Israel Today: A casual glance at Israel’s Law of Return would suggest that yes, they can. After all, the law is meant to provide an easy path “home” for every Jewish person in the world.
But years ago, following controversy over the immigration to Israel of Jews who openly professed faith in Jesus as Messiah, the Law of Return was amended to require applicants to both be born of a Jewish mother, and not have become “members of another religion.”
Israel’s Supreme Court has since then ruled on a number of occasions that professing faith in Jesus makes one a Christian, and therefore a “member of another religion.” As such, these applicants are, in the eyes of Israeli law, ineligible for aliyah.
But is that fair?
After all, Jews who follow Buddhism, or an assortment of New Age religions, or who are avowed atheists (which is the most antithetical position to Judaism) are permitted to immigrate seemingly without scrutiny under the Law of Return’s amendment. more …
Opinion: To get a clear understanding of why Messianic Jews are treated in this way we need to study Romans 11:25-27:
“For I do not desire, brethren, that you should be ignorant of this mystery, lest you should be wise in your own opinion, that blindness in part has happened to Israel until the fullness of the Gentiles has come in.”
The great Apostle Paul prophesied a time in which Israel’s corporate stumbling, called a mystery, comes to an end (in Scripture a mystery is a truth now revealed). God is taking from the Gentiles a people for Himself, a remnant chosen by grace. When the last Gentile is saved (fullness of the Gentiles/rapture), Israel’s blindness (of Jesus Messiah) is lifted.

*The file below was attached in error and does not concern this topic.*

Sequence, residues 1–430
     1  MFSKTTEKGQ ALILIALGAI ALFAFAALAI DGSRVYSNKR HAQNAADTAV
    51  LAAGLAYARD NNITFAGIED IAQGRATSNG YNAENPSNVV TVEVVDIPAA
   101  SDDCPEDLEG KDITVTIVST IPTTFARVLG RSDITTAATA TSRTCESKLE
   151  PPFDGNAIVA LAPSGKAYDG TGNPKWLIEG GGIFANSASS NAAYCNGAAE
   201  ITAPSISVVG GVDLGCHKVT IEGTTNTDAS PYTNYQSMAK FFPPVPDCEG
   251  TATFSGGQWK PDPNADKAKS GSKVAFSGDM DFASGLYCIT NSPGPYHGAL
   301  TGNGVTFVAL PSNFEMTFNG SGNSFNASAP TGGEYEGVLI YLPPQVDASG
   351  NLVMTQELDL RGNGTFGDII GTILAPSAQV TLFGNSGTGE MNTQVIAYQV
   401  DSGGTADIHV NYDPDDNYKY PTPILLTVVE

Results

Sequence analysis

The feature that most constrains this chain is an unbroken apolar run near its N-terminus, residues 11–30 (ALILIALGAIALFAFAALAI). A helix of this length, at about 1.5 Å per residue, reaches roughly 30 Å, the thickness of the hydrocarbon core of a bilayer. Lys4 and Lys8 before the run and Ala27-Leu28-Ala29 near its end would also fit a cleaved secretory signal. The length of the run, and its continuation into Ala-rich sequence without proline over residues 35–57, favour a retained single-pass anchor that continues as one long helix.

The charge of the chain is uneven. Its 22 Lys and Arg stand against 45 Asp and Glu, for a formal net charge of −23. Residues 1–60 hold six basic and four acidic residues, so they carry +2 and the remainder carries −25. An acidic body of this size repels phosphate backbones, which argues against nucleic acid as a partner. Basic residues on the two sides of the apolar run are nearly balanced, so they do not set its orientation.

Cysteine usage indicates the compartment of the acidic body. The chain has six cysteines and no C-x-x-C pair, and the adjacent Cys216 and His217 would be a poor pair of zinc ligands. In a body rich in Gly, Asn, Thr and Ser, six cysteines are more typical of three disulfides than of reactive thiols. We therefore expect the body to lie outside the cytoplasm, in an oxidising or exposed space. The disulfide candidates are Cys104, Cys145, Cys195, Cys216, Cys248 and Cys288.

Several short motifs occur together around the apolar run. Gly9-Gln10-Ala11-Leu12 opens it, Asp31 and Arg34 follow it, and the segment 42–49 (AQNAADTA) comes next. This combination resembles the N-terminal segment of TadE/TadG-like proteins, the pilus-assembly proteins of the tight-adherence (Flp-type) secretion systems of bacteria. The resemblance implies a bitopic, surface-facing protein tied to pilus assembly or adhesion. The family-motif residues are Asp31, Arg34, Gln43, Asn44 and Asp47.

“And so all Israel will be saved, as it is written: “The Deliverer will come out of Zion, And He will turn away ungodliness from Jacob”
In fulfillment of Jeremiah 30:7, after the time of trouble for Jacob (Israel’s tribulation Genesis 35:10), Israel recognizes Jesus as He turns His attention to saving the remnant of Jews who had fled to the mountains (Matthew 2:15-16) and survived the tribulation (Zechariah 13:8).
“For this is My covenant with them, When I take away their sins.”
“And I will pour on the house of David and on the inhabitants of Jerusalem the Spirit of grace and supplication; then they will look on Me whom they pierced. Yes, they will mourn for Him as one mourns for his only son, and grieve for Him as one grieves for a firstborn.” Zechariah 12:1-10
Our God is a covenant keeping God: “and all Israel is saved” (Romans 9:6).
(see Two Trains chapter 3 “The Rapture of the Church and Bema Seat Judgment: here)